Baked Apple Donuts
4 cups all-purpose flour
4 tsp baking powder
1 1/2 tsp salt
1/2 tsp baking soda
1 1/2 tbls ground cinnamon
1/4 tsp ground nutmeg
1/4 cup unsalted butter, melted and cooled
1 cup sugar
1/2 cup buttermilk
1 cup unsweetened applesauce, from jar
1 1/2 cup fresh apple, peeled and grated
For the Coating:
Unsweetened applesauce, from jar
1 cup sugar
1 Tablespoon ground cinnamon
Dash of ground nutmeg
Preheat oven to 375 degrees.
In a large bowl, whisk together flour, baking powder, salt, baking soda, cinnamon and nutmeg.
In another large bowl, stir together melted butter, eggs, sugar, buttermilk and applesauce. Stir in fresh apple.
Add 1/3 of the flour mixture to the egg mixture. Stir with wooden spoon. Add another 1/3 of flour mixture and stir. Add remaining flour and stir just until combined.
Spoon batter into a large Ziploc bag. Seal and snip the corner off one end. Squeeze batter into the cavities of a donut pan sprayed with non-stick baking spray. Fill each cavity 2/3 to 3/4 of the way full (to help donuts keep their pretty shape when baking, use a clean finger to gently even out the batter in each cavity and clean off the center knob of the pan). Bake for 12 to 14 minutes, until the tops of donuts spring back slightly when touched. Let cool 5 minutes before removing from pan.
For the outside coating, combine sugar, cinnamon and nutmeg in a bowl. Brush each donut with a light coating of applesauce. Then dip into cinnamon sugar and toss to coat. Let cool completely before eating, if possible. A second dip into the cinnamon sugar creates an extra crunchy coating. These are best enjoyed the same day!
Tracey is an avid reader of youth fiction, nonfiction essays and cookbooks. She collects journals and agendas, Hello Kitty memorabilia and books of all genres. She has her BA in English from Loyola and her MA in Writing from DePaul. She hopes to one day write her way through Europe, master the French language and visit the nation’s largest amusement parks in one summer. Tracey was born and raised in Chicago (the city not the burbs) and currently lives in Logan Square with her cats Trixie, Milly and Archie. She’s slightly addicted to Pinterest.
I love being a chef! It’s that simple. Well, it really isn’t that simple.
Being a chef involves years of training, stressful work and brutal hours. But it can also be one of the most glorious jobs. Chefs work hard, no matter if they work in a small neighborhood joint or a gorgeous, dimly lit, tablecloth and candles on the table fancy place. They work so that we all can experience the joy of food. Have you ever ate a meal that gave you goose bumps? I have! It’s about food that trips over the tongue and leaves fascinating sensations in your mouth and on the brain.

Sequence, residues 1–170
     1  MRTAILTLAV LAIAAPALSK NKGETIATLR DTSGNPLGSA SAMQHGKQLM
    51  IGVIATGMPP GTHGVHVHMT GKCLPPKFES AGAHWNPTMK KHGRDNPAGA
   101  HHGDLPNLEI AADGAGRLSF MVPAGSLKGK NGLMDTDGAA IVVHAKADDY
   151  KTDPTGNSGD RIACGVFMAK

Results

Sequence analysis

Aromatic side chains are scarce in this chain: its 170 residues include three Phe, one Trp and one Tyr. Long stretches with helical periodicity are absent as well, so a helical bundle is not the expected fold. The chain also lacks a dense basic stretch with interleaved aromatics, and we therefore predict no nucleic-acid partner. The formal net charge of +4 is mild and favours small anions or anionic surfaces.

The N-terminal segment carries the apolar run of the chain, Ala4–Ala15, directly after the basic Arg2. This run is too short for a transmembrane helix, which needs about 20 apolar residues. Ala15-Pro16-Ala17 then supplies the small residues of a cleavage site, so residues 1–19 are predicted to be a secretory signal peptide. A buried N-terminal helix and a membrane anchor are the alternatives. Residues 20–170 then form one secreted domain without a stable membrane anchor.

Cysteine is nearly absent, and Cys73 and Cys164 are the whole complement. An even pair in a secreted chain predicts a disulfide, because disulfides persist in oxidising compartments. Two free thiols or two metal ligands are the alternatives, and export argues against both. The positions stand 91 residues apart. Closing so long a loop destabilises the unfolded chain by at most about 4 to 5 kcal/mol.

I’ve been very lucky to have experienced some amazing meals in my life. And yes, I’m one of those people who photograph some of them with my cell phone camera. Other times, I completely forget the cell phone in my pocket. I guess that happens because I’m so intrigued with what I am eating at the time. I might have missed taking a photo of whatever deliciousness I was eating, but I can assure you that the memory lives on.
Here are a few of my best restaurant food memories in photos:
Last October, some of my colleagues from The Chopping Block and I were invited to take part in one of the most glorious meals ever created. It was part theater, part art and a hell of a lot of creativity. The restaurant is called El Ideas in Chicago. Every time a plate was placed on the table, each and every one of us let out a sigh of pure amazement. A chef came out from the open kitchen to explain each dish being served. The presentation and vast list of ingredients and components that went into each dish boggled my chef brain. Sometimes, I could not even process all of the ingredients. I remember just needing to dig in, to dive into this work of art that was just placed in front of me. And dive in I did! These two photos demonstrate that lack of patience I had.
I travel to Mexico once a year to a small colonial city called San Miguel de Allende. It is one of the most beautiful cities in Mexico. They have fabulous restaurants, amazing chefs and great food. My favorite restaurant there is Mare Nostrum. It’s a small Italian restaurant run by Giulio, who is from Italy and his wife Brenda who is from Mexico. I swear it’s the first restaurant I hit after the plane lands and I unpack my bags. Guilio makes a Bolognese sauce that brings tears of joy. Placed on one of his made to order freshly made pastas, it’s a plate of food that’s out of this world!